International law

First, we should think a little about terminology. Conventions (Konvensi), Protocols (Protokol), Treaties (Treati) and Agreements (Persetujuan) are all essentially the same thing: they are all agreements between different countries. They can be bilateral (that is an agreement between two countries) or multilateral (an agreement between a number of countries).

Treaties can be binding (mengikat) or non-binding. Countries may voluntarily sign the treaty or refuse to sign the treaty. If the treaty is binding, then the countries which sign are bound by that treaty, that is, they must ratify it within a certain time. This means that signatory countries must pass new law or change existing laws in their own country to bring their laws into line with the treaty.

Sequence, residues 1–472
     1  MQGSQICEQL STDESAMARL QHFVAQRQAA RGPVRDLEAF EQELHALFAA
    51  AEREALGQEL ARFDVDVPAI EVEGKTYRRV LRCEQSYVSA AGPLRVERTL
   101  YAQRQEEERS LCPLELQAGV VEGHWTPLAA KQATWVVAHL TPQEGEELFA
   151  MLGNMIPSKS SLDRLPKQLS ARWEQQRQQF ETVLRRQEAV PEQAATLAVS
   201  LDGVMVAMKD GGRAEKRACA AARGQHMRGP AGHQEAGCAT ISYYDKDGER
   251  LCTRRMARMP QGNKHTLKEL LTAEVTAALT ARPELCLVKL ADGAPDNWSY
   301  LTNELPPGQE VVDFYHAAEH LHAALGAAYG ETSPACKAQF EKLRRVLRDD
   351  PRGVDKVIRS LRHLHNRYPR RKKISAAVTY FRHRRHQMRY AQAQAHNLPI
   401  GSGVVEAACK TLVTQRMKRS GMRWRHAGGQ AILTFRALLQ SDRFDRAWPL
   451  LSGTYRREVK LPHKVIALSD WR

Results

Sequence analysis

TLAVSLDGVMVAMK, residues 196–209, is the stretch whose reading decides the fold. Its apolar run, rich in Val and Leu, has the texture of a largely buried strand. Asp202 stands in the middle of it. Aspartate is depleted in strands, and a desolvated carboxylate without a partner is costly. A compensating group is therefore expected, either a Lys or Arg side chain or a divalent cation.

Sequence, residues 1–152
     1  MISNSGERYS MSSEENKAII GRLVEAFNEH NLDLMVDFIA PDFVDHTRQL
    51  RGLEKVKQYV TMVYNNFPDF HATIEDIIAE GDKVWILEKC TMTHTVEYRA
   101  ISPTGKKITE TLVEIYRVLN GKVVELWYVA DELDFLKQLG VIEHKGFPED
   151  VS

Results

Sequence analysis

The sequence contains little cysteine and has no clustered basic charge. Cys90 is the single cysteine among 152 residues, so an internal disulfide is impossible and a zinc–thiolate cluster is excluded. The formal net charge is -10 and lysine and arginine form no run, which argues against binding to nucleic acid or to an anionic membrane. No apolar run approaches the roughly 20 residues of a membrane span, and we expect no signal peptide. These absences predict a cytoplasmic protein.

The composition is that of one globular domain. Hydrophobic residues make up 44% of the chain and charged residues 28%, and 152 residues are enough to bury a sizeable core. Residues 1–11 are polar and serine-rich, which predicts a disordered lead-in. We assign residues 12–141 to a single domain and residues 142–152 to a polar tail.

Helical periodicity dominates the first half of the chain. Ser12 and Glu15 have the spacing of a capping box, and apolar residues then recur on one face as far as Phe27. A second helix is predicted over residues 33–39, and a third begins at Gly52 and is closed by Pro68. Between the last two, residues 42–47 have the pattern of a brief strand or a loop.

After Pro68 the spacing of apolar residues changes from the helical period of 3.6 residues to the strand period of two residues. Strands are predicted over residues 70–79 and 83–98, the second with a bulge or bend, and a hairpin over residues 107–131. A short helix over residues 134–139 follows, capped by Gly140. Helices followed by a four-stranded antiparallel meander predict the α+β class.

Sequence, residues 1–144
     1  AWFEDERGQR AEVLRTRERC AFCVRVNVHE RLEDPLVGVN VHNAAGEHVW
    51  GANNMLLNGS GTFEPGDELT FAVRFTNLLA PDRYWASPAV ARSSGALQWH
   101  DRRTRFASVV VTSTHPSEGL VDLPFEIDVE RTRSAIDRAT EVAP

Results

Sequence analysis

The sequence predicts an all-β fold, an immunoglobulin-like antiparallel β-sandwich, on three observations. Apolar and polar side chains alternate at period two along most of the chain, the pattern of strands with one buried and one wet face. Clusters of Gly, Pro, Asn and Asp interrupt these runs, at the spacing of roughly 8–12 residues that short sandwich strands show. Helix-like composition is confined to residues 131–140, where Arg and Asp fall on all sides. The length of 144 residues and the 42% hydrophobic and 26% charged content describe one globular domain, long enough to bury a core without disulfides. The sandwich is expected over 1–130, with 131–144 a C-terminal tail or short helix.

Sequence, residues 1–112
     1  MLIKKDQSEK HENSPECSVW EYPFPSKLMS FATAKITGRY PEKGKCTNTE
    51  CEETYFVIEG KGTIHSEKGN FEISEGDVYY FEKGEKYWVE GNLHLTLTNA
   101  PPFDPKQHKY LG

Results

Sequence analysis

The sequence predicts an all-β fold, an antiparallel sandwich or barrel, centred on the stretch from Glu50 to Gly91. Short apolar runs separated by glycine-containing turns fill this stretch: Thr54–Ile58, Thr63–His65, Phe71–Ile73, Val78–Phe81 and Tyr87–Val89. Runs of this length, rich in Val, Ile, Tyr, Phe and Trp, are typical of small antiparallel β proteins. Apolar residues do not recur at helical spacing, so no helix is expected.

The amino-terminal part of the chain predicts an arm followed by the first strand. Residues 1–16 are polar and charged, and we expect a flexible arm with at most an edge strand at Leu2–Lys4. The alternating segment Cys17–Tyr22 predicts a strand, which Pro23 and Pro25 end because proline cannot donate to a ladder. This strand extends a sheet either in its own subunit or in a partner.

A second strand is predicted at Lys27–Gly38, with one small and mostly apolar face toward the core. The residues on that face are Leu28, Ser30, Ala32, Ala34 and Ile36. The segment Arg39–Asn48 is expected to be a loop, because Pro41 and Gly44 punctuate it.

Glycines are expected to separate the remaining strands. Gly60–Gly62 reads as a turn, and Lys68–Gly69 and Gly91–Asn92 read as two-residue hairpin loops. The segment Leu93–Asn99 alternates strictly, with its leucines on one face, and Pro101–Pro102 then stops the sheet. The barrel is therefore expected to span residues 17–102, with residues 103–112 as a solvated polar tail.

We will consider the important international treaties that deal with intellectual property later in the course, but for now we should just consider why international intellectual property treaties are important for Indonesia and why it is useful to study them.

First, the majority of principles contained in Indonesia’s IPR laws are derived from international PR agreements.

Second, countries which have ratified international PR agreements will make it easier for themselves to conduct international trade with other countries. There is a tendency for developed countries to require developing countries to have sufficiently strong PR laws in place before they will trade with them.


References :

Short course in Intellectual Property Right (Elementary) – Asian Law Group Pty Ltd. – Ausaid.

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